When we think of Christmas, and the season of Advent that anticipates it, many of us think of family. It is that strange mix of people we call mothers, fathers, sisters, brothers, cousins, aunts, uncles, grandparents, great grandparents, and even non-family members who aren’t blood related to us (but feel as though they could be).
For us who follow Jesus, the body of Christ is also our family, and that bond we experience in this season provides us with more than just a spiritual lineage. It provides us with a new family, bonded by love and faith in the covenant-keeping God of the universe. It provides us with a sense of enduring connection to the people and land of Israel. It provides us a sense of our place in God’s covenant story with humanity, weaving relentlessly through our personal and corporate histories—a story that reached its zenith in the life, death, resurrection, and ascension of our Lord Jesus.
Each family member has roots that we call a family line. Each family member has roots that we call our family homeland. Each family member has roots that we call our heritage or family story.
Jesus also has a family story. And that story is what this book is all about. The following words are from “Jesus Rises from the Root of Jesse,” our first day’s reflection in our Advent Journey:
We all come from someone, somewhere, and something—a people, a place, and a story. We come from someone in our family line—parents, grandparents, great-
grandparents, and so many others form extensions of the root system from which we each descend. We come from somewhere, in that people are always physically located—we live in times and places unique to us, and even as we move from place to place we carry bits of our previous location with us in our hearts and memories. We come from something, in that we come from a story that is uniquely, remarkably, our own—while that story is also uniquely tied to our family line throughout history, and is ultimately tied to God’s great love story with humanity.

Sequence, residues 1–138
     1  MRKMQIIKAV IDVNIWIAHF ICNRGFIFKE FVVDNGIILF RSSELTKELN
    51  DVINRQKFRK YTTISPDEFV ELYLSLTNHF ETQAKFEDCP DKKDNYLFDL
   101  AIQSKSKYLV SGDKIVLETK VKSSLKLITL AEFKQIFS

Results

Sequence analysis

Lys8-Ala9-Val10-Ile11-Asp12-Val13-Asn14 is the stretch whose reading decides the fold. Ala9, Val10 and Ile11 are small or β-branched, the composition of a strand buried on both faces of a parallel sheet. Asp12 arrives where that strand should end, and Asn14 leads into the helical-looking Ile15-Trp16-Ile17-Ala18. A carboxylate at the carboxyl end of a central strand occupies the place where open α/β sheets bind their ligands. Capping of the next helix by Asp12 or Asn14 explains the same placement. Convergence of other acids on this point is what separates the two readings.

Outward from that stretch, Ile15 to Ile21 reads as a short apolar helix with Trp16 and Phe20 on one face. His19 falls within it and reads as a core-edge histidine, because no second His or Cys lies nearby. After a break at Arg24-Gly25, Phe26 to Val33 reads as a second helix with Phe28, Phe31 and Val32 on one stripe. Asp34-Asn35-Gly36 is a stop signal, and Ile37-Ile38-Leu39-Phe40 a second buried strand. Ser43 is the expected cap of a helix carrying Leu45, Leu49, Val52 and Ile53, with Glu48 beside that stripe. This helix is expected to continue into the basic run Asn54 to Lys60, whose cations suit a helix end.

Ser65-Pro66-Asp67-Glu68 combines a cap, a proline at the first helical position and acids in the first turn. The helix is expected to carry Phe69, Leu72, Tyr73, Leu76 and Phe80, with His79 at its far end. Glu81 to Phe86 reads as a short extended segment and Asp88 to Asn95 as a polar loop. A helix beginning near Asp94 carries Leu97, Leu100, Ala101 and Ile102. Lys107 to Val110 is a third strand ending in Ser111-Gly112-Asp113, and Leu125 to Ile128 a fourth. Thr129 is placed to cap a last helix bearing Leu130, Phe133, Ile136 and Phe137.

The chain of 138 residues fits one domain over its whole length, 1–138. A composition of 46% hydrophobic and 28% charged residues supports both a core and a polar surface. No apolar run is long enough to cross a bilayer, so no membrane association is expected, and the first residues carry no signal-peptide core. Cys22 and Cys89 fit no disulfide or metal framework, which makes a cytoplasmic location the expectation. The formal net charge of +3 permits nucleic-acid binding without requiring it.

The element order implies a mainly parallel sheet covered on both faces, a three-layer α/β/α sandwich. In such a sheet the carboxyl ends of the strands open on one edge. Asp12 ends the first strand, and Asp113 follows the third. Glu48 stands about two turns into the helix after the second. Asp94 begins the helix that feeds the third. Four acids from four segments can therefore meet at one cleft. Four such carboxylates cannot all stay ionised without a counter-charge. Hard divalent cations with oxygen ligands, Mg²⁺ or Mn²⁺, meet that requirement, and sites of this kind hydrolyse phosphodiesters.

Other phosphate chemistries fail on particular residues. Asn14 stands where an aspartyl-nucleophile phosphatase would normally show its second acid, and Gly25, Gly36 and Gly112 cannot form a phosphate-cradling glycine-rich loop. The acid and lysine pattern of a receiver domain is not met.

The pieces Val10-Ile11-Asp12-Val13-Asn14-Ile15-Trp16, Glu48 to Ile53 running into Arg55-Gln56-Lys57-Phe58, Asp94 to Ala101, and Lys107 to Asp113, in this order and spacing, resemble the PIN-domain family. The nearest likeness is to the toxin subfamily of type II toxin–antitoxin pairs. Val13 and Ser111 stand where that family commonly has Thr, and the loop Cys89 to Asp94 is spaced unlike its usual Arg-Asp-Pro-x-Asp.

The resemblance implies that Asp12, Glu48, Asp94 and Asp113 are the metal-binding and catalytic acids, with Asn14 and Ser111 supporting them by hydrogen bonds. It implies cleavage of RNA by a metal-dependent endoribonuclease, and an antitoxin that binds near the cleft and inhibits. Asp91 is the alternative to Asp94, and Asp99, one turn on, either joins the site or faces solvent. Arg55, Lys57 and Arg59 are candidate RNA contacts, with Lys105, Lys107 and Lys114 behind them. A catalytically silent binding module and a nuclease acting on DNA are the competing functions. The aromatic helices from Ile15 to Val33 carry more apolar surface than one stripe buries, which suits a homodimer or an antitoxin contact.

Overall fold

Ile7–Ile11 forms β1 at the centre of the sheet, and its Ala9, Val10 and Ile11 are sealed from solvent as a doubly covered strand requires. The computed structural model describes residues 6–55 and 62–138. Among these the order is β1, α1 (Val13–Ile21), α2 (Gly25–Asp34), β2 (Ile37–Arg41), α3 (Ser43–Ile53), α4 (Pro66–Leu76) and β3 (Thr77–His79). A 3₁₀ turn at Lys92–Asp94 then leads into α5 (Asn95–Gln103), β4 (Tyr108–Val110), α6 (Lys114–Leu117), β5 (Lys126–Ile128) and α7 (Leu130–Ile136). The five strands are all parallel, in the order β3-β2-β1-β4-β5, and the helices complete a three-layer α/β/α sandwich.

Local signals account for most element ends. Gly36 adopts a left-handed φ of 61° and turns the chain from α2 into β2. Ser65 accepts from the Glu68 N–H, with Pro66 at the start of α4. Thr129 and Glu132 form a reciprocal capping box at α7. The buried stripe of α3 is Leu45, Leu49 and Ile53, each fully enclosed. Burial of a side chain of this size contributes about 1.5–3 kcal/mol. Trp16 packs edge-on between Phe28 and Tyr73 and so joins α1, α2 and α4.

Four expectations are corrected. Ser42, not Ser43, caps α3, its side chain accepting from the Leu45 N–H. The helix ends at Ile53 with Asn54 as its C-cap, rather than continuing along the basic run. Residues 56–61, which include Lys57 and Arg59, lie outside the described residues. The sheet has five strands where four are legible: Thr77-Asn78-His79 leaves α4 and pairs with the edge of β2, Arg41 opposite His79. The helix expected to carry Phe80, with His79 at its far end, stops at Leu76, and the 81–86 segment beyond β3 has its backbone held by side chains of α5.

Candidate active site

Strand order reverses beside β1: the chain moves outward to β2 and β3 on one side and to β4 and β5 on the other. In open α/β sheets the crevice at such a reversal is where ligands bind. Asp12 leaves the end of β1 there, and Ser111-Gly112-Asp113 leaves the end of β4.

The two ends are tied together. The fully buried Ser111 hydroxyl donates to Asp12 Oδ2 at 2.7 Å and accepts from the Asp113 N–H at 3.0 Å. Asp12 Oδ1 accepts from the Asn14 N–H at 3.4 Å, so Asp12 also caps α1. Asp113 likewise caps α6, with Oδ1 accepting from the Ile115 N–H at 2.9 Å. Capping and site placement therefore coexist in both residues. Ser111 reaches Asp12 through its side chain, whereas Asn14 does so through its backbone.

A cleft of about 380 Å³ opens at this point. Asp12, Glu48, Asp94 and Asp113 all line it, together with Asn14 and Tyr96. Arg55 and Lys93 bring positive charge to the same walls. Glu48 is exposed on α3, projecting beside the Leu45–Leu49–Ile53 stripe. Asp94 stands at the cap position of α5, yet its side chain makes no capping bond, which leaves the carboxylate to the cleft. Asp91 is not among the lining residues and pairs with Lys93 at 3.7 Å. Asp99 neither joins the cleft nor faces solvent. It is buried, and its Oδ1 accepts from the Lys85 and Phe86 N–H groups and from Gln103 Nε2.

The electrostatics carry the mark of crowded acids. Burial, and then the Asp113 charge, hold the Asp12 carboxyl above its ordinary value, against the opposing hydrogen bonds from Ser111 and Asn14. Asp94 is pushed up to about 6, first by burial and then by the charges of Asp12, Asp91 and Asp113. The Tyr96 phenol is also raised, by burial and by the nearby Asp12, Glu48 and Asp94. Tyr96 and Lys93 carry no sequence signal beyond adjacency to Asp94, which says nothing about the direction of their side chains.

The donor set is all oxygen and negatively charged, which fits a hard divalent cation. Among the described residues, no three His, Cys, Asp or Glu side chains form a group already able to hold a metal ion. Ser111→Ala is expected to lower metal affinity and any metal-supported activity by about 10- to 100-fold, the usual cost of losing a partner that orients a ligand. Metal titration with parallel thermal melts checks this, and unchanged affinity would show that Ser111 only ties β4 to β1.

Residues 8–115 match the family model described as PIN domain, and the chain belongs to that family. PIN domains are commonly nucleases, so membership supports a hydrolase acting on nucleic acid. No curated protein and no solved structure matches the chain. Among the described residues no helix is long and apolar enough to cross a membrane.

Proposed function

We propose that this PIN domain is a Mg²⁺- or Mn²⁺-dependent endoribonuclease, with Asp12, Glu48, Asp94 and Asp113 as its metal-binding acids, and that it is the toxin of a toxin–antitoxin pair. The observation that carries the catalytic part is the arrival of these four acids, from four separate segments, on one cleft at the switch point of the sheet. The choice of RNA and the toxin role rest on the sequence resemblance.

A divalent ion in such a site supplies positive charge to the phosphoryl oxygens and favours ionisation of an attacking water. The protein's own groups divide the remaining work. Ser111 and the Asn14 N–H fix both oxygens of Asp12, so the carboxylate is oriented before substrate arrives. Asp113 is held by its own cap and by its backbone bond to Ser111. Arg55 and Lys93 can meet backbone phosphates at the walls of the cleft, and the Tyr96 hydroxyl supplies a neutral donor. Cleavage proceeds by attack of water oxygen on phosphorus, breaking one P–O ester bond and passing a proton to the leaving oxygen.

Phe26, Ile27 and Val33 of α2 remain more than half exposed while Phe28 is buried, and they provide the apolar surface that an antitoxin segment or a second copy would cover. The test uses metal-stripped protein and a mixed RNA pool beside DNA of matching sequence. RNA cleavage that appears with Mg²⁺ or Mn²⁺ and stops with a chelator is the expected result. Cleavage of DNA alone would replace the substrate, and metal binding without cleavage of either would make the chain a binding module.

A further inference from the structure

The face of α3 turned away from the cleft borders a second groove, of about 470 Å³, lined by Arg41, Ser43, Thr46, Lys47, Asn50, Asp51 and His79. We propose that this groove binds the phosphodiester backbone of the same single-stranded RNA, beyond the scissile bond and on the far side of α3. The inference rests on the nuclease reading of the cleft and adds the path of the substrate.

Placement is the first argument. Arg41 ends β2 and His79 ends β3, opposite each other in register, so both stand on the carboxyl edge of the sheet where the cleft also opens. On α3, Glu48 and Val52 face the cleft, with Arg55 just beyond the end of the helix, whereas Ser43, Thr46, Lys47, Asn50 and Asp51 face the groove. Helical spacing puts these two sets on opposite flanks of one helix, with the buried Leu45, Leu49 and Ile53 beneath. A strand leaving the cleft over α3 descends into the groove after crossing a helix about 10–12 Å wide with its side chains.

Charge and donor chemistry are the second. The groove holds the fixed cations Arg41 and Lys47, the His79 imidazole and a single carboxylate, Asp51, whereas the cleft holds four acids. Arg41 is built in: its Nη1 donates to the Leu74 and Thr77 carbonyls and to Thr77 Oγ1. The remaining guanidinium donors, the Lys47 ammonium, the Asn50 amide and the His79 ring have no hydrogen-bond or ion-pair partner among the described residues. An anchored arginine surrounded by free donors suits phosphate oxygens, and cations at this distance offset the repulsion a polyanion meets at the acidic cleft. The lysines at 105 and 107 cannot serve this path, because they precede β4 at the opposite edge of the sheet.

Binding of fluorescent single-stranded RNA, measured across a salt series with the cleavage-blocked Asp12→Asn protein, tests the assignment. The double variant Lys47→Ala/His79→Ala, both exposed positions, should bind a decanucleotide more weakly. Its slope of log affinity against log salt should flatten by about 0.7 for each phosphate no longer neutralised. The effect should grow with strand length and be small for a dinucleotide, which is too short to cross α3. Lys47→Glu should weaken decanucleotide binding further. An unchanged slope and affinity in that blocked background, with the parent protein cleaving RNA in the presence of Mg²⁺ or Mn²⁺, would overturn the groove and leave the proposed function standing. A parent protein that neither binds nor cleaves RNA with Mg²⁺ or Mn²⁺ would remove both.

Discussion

To understand Jesus, we would do well to discover the root of faith from which he springs. It is a spiritual root system, in fact, that both Isaiah 11:1–3 and Matthew 1:1–17 are eager to convey.
Jesus, the Lord and Master of our lives, had roots that included a family line, a homeland, and a heritage or story. In his case, his family line could be traced all the way back to a leader like King David and, more specifically, his father, Jesse. The prophetic words of Isaiah point to Jesus’ connection to Jesse, the father of David, and remind us just how important it was to the Hebrew people to understand the influences from the past that shaped one’s life in the present.
A shoot will come up from the stump of Jesse; from his roots a Branch will bear fruit. The Spirit of the Lord will rest on him—the Spirit of wisdom and of understanding, the Spirit of counsel and of might, the Spirit of the knowledge and fear of the Lord—and he will delight in the fear of the Lord. (11:1–3)
Jesus not only had a family line that could be traced back to ancient times, but he also had a family homeland. The little strip of land we call Israel provided the ground Jesus walked on, yielded the fruits and foods he enjoyed, and hosted the towns and cities that dot the landscape of the Gospels and the New Testament. (I walked the streets of Bethlehem at night, many years ago, and found my imagination deeply stirred as I considered how, under those same skies so many revolutions of the sun ago, Jesus was born.)